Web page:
End the feuding to save the Lancaster; paying tribute to the canalside gardeners
‘Over the years – and the canals – we’ve come up with a few categories. The most obvious is what we’ve christened the bungalow garden’
Every time I see a jar of one of Loyd Grosmann’s sauces on a supermarket shelf I can’t help but recall his lugubrious mid-Atlantic accent as he peered into celebrity homes on TV’s
Through the Keyhole and got a glimpse of the different lifestyles they enjoyed.
Tug Harry lets us enjoy our own view throughout the keyholes of the nation’s homes and fantasise about the people who lives in them.
The keyholes I’m talking about are the canal and riverside gardens we pass by.
I’m no gardener but I’m fascinated by other people’s gardens. They are so, so different: pass a street full of back gardens and you’ll see that scarcely two are similar. There’s everything from crisp, military precision to unloved ramshackle to something that’s clearly the product of mind-expanding drugs.
Over the years – and the canals – we’ve come up with a few categories. The most obvious is what we’ve christened the bungalow garden. It doesn’t have to be appended to a bungalow but it usually is.
The defining characteristic is that the lawn, of which there is usually a lot, is mown shorter than a US marine’s buzz-cut, fed with as many nutrients as a weightlifter takes steroids and kept free of weeds by enormous quantities of Verdone Extra, until the soil is as barren as Fukushima’s exclusion zone. No plant lives in this garden unless it has a permit. Perhaps a few statuesque shrubs, trimmed into disciplined shapes; maybe a straight line or two of geraniums. That’s it.
This sort of garden usually views the canal merely as somewhere to throw grass clippings; the chairs in the uPVC conservatory rarely face the water.
Puzzlingly, a surprising minority of gardens do turn this Nelson-like blind eye to the cut. “We bought a house by the canal but don’t want people to see us so we’ve planted 10ft leylandii.” Er, but now you can’t see the canal yourselves? Hmm.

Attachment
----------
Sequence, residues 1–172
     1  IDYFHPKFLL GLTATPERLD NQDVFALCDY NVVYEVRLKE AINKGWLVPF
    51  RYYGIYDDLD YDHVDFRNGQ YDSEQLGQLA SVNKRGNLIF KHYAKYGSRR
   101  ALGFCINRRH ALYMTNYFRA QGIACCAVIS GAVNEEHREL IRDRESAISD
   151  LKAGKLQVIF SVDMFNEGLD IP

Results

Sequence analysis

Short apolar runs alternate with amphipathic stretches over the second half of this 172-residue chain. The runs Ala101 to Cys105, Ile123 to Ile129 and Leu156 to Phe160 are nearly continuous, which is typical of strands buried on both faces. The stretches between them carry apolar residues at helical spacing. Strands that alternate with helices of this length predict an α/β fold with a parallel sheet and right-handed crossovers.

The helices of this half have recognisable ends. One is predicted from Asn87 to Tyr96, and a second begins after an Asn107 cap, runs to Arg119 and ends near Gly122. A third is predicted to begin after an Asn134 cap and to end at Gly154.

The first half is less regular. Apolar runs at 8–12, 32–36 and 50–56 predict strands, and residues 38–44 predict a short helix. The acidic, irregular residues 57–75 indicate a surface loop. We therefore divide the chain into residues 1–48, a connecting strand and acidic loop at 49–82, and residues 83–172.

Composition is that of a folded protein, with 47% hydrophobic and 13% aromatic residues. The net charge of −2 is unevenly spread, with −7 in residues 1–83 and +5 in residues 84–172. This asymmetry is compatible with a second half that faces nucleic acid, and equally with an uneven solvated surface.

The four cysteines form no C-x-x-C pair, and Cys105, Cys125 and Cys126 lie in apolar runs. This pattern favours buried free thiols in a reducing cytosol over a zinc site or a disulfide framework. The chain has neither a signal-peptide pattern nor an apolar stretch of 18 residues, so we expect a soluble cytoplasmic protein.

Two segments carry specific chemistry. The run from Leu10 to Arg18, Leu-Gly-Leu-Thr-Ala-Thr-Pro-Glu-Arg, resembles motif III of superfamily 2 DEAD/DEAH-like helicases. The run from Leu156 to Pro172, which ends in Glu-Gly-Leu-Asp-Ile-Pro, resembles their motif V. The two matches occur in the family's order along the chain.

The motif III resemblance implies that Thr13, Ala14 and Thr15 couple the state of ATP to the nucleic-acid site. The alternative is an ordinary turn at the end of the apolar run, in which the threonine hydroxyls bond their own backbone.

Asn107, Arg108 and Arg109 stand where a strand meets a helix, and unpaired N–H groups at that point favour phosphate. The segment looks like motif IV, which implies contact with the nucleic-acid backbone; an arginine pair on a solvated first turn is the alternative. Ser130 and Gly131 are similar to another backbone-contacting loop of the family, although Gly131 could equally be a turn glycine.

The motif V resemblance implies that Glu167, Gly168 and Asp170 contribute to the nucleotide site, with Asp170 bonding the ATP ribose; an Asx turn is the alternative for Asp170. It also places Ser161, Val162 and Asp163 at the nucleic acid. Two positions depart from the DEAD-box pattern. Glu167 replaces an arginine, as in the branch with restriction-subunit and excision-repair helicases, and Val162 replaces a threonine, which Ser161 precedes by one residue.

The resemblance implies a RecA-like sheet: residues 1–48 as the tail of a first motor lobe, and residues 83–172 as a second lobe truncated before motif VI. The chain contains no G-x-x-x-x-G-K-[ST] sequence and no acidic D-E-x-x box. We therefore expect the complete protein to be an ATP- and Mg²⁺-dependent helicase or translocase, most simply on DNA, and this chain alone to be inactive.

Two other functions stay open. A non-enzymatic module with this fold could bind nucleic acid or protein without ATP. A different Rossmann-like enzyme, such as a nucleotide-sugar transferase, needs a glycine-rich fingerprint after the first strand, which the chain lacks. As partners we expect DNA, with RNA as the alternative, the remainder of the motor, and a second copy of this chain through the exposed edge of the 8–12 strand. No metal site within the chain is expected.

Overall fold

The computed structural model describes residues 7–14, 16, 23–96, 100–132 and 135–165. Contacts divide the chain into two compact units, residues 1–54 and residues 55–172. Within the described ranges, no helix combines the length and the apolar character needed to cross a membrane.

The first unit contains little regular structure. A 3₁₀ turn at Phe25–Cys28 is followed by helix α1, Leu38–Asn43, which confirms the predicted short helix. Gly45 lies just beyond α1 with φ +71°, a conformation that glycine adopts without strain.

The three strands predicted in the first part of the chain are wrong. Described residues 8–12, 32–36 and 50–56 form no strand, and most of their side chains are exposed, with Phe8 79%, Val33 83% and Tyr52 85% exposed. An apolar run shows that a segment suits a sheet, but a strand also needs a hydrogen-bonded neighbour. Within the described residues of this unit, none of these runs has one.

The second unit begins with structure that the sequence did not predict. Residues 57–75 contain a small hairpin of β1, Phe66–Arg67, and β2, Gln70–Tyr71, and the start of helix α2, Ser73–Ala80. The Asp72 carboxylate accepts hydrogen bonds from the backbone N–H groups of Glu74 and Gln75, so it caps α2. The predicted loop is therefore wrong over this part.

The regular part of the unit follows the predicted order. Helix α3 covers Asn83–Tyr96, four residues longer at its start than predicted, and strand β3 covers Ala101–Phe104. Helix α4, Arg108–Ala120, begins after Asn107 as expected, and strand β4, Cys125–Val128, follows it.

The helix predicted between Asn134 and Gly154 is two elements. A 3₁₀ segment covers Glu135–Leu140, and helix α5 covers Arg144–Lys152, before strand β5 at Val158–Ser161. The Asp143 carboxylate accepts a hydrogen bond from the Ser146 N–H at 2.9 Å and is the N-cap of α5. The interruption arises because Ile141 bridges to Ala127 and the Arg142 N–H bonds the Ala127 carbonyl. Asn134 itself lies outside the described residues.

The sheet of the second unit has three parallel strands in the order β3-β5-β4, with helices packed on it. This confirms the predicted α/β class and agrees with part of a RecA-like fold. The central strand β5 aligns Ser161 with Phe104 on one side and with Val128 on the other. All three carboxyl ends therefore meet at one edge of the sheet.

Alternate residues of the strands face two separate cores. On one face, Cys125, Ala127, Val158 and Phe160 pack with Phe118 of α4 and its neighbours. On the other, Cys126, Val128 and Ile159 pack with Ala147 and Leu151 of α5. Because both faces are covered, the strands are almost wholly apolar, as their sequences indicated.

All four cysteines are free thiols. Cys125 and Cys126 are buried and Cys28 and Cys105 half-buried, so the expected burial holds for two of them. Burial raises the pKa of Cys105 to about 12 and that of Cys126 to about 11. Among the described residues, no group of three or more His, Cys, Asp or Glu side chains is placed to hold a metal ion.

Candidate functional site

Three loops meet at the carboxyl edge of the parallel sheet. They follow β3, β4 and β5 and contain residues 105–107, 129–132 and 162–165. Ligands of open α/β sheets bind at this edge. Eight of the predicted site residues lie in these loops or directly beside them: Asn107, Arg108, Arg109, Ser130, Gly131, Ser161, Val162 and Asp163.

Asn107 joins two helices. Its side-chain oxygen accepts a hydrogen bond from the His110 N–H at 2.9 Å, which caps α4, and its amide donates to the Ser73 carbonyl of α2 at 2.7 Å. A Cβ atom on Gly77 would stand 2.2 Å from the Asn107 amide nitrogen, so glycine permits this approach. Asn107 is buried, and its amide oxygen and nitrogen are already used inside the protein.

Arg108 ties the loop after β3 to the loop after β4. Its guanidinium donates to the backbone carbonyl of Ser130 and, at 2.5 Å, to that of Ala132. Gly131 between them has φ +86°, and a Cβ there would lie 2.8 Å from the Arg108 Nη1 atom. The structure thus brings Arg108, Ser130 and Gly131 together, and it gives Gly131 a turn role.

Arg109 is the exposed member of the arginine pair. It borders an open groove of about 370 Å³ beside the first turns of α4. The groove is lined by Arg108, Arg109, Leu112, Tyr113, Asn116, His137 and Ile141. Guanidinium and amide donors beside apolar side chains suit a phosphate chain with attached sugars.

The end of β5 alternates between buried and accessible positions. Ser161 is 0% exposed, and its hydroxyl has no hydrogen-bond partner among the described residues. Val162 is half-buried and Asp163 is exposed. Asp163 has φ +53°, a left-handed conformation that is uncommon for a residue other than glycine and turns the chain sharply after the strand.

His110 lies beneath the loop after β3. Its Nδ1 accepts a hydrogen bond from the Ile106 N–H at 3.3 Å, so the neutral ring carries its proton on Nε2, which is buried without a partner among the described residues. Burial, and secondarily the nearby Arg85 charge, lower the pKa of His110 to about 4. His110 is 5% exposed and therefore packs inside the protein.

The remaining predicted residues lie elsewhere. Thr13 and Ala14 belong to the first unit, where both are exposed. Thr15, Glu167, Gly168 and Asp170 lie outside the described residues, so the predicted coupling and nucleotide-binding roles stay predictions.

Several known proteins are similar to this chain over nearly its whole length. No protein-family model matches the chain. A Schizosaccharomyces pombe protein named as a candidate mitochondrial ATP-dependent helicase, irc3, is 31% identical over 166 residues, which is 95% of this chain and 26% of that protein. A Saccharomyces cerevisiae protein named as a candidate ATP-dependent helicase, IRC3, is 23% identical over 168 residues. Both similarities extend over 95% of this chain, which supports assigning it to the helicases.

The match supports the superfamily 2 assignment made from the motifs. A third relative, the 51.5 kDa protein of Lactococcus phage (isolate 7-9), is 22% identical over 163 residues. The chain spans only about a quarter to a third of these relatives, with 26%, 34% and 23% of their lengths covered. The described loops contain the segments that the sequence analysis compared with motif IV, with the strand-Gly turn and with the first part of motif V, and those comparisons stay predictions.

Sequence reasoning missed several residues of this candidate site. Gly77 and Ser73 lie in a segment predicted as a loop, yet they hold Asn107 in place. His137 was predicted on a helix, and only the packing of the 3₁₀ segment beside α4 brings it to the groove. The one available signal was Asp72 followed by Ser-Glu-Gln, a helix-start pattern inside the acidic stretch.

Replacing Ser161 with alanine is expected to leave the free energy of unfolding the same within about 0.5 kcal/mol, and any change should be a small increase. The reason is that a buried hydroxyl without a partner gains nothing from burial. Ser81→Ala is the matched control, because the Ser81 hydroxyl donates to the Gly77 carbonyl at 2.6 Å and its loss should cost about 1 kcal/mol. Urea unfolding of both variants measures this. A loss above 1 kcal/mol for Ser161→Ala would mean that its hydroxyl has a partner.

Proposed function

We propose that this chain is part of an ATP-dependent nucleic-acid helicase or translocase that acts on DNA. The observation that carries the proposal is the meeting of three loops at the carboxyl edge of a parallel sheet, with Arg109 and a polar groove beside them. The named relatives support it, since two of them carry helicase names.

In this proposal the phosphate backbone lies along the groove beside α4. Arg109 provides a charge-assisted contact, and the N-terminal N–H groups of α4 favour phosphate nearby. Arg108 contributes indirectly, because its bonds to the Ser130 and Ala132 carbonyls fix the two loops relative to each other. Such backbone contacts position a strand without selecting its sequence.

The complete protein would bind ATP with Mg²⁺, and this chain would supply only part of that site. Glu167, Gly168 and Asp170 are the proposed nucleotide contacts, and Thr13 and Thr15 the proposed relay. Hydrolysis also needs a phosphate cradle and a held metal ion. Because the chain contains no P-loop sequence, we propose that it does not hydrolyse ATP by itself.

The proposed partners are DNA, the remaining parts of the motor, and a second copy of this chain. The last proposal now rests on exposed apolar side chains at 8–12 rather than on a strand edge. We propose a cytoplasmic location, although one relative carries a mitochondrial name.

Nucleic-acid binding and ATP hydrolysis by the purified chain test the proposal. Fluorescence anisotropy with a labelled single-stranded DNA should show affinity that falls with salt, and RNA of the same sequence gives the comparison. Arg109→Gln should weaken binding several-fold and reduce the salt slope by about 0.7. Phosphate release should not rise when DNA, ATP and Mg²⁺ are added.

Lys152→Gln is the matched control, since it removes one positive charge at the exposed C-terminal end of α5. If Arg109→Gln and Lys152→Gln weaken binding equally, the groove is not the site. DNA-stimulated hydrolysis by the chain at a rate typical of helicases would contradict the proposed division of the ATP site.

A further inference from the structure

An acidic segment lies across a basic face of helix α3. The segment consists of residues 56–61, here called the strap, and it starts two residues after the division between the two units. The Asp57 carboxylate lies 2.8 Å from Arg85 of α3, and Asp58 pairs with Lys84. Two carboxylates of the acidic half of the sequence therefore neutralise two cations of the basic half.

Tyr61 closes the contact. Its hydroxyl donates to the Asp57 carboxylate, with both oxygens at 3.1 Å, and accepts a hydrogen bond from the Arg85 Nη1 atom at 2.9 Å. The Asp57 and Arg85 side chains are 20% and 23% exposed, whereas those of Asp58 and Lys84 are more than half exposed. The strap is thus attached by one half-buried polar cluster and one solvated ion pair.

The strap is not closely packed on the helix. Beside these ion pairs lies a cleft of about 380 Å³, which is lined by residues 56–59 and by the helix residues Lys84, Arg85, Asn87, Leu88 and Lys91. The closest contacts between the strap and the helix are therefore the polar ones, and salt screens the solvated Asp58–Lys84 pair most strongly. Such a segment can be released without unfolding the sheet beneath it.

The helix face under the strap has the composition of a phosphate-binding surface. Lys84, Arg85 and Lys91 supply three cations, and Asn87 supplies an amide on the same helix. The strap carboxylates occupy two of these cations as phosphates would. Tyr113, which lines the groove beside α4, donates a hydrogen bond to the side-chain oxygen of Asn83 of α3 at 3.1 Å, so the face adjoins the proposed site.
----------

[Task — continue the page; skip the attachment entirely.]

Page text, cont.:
The majority, though, embrace their waterway with various types of canalside decking that range from the dangerously perilous to the exotic.
A lot of this last category were clearly devotees of
Ground Force to judge by the curious abstract lumps of stone and arty gravel and wood on which sits expensive-looking outdoor furniture.
The smallest waterfronts often have the most elaborate set-ups, I find.
Most are somewhere between the extremes; ingenious concoctions of one, two and even three levels standing on sometimes dubious posts or, in the case of one I recall, a clever foundation of used tyres.
Not every canalside is conducive to gardening – some householders deserve medals for creating gardens on vertiginous slopes that look barely accessible except with mountaineering ropes.
Most of all, I love the truly eccentric back gardens. The canalside gnome collection near Tamworth, always a favourite of our young grand-daughter; the roll-top bath with a side cut out to become a seat, the life-size gorilla and alligator guarding a deck on the Macclesfield. The man who has made a pretend Gatso to encourage speeding boaters to slow down.
But I don’t appreciate the ones who allow their weeping willows to grow huge and untrimmed until their branches fill the cut.
Most of all, I just enjoy the care and attention that so many canalside home owners have lavished on their gardens – some of their finest work only to be seen at its best, I think, by passing boaters such as ourselves.
A heartfelt thanks very much to all of you.
What a garden – good effort...